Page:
UN joins battle with Congo rebels in Goma
United Nations peacekeeping forces engage in heavy fighting with rebel forces led by Laurent Nkunda in Kivu, Democratic Republic of the Congo. The conflict in and around the city of Goma.
The fighting, which started on October 27, has uprooted an additional 200,000 civilians, bringing the total of people displaced by the Kivu conflict to 2 million, causing civil unrest and large food shortages.
On October 26 Nkunda’s rebels seized a major military camp, along with Virunga National Park for use as a base to launch attacks from. This occurred after a peace treaty failed, with the resultant fighting displacing thousands. The park was taken due to its strategic location on a main road leading to the city of Goma.
On October 27 riots began around the United Nations compound in Goma, and civilians pelted the building with rocks and threw Molotov cocktails, claiming that the UN forces had done nothing to prevent the rebel advance. The Congolese national army also retreated under pressure from the rebel army in a “major retreat”.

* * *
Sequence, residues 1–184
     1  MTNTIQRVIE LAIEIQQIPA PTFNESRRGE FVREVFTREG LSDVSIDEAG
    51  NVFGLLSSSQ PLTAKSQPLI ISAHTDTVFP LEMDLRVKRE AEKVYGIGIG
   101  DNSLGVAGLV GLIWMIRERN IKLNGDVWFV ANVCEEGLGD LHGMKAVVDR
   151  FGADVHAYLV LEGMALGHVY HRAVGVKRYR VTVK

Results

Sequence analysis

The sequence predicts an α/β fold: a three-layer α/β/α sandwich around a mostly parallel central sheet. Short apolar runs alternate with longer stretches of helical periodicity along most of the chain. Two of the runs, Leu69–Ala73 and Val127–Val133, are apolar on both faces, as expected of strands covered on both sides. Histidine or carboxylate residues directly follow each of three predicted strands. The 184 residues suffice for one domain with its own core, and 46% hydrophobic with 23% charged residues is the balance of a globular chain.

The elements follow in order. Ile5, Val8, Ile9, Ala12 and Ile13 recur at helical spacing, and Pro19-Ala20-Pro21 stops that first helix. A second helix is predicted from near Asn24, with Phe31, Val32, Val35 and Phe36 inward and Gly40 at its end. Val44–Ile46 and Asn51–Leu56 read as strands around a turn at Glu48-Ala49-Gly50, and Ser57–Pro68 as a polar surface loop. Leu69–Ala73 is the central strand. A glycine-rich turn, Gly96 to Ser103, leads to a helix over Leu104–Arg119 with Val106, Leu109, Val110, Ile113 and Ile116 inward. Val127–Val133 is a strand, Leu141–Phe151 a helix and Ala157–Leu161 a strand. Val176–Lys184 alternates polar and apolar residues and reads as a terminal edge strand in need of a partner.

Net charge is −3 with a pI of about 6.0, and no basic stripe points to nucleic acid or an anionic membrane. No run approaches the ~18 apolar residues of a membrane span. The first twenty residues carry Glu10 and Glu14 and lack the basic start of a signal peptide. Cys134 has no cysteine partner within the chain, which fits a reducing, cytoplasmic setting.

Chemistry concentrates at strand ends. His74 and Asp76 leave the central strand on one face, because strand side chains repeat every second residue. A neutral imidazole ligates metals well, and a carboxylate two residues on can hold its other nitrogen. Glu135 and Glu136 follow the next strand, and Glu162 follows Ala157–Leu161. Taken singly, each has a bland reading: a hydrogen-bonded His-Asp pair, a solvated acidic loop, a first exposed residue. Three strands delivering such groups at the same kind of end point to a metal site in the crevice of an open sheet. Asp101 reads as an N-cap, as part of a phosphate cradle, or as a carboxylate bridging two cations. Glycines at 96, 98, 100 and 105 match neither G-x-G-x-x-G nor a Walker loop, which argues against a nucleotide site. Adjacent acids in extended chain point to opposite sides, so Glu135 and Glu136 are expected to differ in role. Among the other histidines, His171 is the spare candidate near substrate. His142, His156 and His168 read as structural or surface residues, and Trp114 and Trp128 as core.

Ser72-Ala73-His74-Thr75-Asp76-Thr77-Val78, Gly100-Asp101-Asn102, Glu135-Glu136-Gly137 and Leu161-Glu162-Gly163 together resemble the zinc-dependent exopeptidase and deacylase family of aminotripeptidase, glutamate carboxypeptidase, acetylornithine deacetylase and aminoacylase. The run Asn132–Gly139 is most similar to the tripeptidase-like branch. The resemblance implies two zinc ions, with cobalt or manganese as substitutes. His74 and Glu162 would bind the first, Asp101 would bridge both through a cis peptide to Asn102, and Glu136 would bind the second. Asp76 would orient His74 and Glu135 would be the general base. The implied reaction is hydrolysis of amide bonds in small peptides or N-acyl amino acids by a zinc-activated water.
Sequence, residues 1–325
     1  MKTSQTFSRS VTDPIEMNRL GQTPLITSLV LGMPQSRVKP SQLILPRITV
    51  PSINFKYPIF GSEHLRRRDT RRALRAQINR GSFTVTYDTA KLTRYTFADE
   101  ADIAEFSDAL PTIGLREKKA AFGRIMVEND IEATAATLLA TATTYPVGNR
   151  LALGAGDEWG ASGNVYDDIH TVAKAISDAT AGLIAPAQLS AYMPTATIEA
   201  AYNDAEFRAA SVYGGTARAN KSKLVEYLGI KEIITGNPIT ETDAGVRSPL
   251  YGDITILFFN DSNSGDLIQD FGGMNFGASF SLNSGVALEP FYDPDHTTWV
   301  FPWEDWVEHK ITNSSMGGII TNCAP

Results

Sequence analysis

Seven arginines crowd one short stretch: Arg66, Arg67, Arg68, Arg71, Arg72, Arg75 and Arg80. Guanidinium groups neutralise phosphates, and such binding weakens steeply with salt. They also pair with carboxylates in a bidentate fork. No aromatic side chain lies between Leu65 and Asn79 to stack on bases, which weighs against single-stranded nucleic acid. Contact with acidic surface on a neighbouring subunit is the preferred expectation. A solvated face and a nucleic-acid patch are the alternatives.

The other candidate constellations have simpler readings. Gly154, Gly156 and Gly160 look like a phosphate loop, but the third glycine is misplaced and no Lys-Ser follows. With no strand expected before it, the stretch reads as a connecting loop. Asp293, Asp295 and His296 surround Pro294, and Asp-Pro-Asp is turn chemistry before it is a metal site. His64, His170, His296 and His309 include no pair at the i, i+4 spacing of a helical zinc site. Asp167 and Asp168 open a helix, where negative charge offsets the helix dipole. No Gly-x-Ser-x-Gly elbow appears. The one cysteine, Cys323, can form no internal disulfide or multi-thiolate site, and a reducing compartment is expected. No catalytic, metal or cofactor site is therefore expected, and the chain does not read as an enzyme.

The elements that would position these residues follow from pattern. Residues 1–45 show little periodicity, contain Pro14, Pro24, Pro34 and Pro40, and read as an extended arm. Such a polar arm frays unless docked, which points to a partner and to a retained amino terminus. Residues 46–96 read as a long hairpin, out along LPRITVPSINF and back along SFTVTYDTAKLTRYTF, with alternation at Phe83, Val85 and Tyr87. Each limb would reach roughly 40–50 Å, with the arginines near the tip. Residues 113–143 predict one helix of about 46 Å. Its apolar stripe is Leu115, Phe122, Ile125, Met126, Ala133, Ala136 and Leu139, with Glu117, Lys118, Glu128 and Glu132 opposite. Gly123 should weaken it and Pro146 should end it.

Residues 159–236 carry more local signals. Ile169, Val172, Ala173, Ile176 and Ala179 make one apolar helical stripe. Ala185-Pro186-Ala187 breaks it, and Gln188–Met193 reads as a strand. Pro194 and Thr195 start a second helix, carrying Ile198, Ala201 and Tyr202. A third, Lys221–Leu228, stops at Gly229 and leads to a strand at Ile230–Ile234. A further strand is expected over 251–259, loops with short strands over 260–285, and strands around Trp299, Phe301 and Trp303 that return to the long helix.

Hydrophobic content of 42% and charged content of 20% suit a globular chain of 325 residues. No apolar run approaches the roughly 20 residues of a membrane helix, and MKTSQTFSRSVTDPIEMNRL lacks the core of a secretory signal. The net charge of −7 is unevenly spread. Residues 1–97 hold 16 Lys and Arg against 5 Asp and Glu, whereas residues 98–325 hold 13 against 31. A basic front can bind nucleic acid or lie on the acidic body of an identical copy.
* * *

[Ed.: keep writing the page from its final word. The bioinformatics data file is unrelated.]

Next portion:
Meanwhile, United Nations gunships and armoured vehicles were used in an effort to halt the advance of the rebels, who claim to be within 7 miles (11 kilometers) of Goma. Head of MONUC Alan Goss explained the necessity of engaging the rebels, stating that “…[the UN] can’t allow population centers to be threatened… [the UN] had to engage.”
The World Food Program stated that due to the displacement of approximately 200,000 in the region since August, malnourishment has risen and there have been some cases of death due to starvation. According to a spokesman the agency is short 33,000 tons of food if they are to last to March 2009, and will need US$46 million in donations to obtain it.
The United States Department of State pushed for cooperation between Congo and the neighbouring countries of Rwanda and Uganda, stating that they “need to work together” to rein in “militia groups and other negative forces.” Assistant Secretary of State for African Affairs Jendayi Frazer is scheduled to visit the region and urge talks.
United Nations Secretary-General Ban Ki-moon asked all involved parties “to make every effort to restore calm among the affected populations”, due to concerns that the clash may spark wide-spread conflict.